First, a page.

When students sign up for a college, they sign up for the college experience. And so, Malvinder Gill, Assistant Director and Deputy Dean, HoD, Counselling and Happiness Cell, Lovely Professional University (LPU), says that there is no doubt about the fact that most students want to come back to campus. So how do we mentally prepare them for the time that they do return? "We need to build resilience in them. And why just students? They and the faculty members too need specific training so that they are able to cope with coming back to a campus that is very different," she says, She also asserts that she is encouraged by the fact that mental health is at the fore again. "We have been running after working hard, amassing wealth or marks and ignoring our mental health for so long. This has been a much-needed awakening.” Talking about increased screen time, she says that most students are mighty happy with video calls and text and have no qualms about connecting via gadgets. So in this context, while they are not necessarily missing 'connections', what will happen post-COVID? "The human mind is powerful, it can learn to adapt," she affirms. “We are aware that the pandemic can exacerbate mental health issues among students. It can lead to an increase in fear and stress. There can be anxiety about potential exposure to infection as they interact with others. On the other hand, some students may feel isolated and lonely with distancing measures in place. Hence, the college has taken some critical steps to ensure that students receive all the support during their stay at the campus. We have a tie-up with a private Hospital in the vicinity of around one km for emergencies. We have qualified psychologist counsellors for providing mental health care to students. Our IT team is working towards a portal for helpline numbers. The college will also take steps to arrange for outside help if need be,” says Joel Gibbs, Assistant Counsellor Psychologist, SVKM's NMIMS Deemed-to-be University.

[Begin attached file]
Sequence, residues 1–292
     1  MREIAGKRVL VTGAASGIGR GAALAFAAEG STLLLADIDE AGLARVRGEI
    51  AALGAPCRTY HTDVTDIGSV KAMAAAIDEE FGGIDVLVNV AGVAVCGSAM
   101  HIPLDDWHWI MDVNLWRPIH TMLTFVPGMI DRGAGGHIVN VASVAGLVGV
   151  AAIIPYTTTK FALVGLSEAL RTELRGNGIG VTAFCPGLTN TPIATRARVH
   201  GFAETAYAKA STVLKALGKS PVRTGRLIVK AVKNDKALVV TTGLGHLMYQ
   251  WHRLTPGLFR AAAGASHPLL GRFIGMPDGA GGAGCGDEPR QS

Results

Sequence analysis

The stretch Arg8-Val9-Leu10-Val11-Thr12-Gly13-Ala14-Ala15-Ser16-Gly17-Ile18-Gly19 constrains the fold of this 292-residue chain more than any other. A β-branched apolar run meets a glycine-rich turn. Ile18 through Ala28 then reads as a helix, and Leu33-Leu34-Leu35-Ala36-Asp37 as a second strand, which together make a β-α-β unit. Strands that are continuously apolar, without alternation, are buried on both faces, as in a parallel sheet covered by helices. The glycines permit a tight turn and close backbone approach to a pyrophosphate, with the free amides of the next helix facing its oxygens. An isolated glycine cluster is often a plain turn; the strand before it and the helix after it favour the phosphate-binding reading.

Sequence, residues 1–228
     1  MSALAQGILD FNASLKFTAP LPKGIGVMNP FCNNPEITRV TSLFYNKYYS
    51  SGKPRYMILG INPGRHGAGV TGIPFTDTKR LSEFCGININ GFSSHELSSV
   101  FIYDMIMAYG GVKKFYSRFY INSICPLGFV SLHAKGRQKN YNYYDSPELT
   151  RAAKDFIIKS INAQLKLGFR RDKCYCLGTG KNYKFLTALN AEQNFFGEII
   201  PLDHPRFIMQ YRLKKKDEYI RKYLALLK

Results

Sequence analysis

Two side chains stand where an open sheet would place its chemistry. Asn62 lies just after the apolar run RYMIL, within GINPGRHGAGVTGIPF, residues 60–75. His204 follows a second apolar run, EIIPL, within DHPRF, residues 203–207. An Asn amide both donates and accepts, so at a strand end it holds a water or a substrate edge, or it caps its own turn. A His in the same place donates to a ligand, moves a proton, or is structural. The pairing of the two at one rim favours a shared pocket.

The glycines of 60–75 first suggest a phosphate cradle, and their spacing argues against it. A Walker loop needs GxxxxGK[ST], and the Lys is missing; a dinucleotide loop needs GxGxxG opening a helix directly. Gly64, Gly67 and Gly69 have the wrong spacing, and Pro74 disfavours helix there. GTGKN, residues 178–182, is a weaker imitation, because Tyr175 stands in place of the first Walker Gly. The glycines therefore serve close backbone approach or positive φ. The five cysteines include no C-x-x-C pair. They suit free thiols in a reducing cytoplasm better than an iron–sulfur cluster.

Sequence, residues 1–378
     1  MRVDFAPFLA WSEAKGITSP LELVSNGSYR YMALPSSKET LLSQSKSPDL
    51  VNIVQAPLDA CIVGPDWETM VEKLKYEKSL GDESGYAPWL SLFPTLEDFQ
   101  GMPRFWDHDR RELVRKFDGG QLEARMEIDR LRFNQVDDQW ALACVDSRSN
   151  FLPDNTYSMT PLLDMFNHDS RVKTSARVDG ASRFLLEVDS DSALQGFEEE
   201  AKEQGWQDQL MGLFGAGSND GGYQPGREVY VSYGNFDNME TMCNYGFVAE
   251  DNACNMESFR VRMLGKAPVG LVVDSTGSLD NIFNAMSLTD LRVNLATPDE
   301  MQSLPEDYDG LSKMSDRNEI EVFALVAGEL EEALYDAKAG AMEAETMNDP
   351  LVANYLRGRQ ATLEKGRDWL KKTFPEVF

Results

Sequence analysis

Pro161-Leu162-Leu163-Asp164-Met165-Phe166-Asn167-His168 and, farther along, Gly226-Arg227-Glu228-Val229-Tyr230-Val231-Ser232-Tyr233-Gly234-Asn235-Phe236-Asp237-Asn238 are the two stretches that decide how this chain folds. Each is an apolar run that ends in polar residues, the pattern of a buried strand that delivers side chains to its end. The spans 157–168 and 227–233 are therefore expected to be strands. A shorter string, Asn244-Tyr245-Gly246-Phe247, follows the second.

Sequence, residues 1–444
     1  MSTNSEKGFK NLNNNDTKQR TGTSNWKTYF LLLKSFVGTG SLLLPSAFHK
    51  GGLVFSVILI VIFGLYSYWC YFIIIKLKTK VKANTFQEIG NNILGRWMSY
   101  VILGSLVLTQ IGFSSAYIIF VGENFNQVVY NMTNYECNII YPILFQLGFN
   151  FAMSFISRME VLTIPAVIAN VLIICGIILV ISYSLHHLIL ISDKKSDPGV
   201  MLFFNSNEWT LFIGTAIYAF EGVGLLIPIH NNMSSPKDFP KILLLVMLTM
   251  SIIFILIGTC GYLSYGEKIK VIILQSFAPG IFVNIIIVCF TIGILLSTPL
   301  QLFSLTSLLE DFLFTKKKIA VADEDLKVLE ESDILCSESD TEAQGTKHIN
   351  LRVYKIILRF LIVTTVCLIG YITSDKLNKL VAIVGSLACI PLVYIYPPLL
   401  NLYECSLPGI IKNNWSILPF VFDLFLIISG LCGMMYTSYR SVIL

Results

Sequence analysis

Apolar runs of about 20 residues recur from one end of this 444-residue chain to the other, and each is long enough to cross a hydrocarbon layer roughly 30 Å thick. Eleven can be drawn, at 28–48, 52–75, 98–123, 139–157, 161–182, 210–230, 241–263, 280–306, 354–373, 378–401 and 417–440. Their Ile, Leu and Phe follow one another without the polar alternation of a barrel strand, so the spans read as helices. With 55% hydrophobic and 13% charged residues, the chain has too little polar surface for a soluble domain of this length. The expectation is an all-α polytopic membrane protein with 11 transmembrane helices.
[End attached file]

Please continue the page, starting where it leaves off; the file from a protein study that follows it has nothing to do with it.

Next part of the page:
IIIT Hyderabad has opened its gym too and are taking utmost care to ensure regular sanitisation
Coming back to the state of playgrounds, International Institute of Information Technology Hyderabad's (IIIT-H) is game for students to play tennis, badminton, football and other sports. "Our BTech and MTech students who are back on campus are very eager to play and we think it's essential. Mental strength to fight challenges and keep fit comes from sports. It is as important for mental wellbeing as it is for physical fitness, both of which are much needed in today's times," says Kamalakar KS, Head, Physical Education. And as someone who created a whole series of YouTube videos for students to stay fit while staying in, he is more than happy to have them back on the field on their campus. Of course, while being mindful of their hygiene and so on.
"There are two types of people who use pools, professional swimmers and fitness enthusiasts. Professionals might come back early as that's their sport but others may take time," opines Dr Gaganendu Dash, Director, Sports, KIIT, Odisha as far as swimming is considered. He also reasons that many might stay away due to the risk of contamination in pools.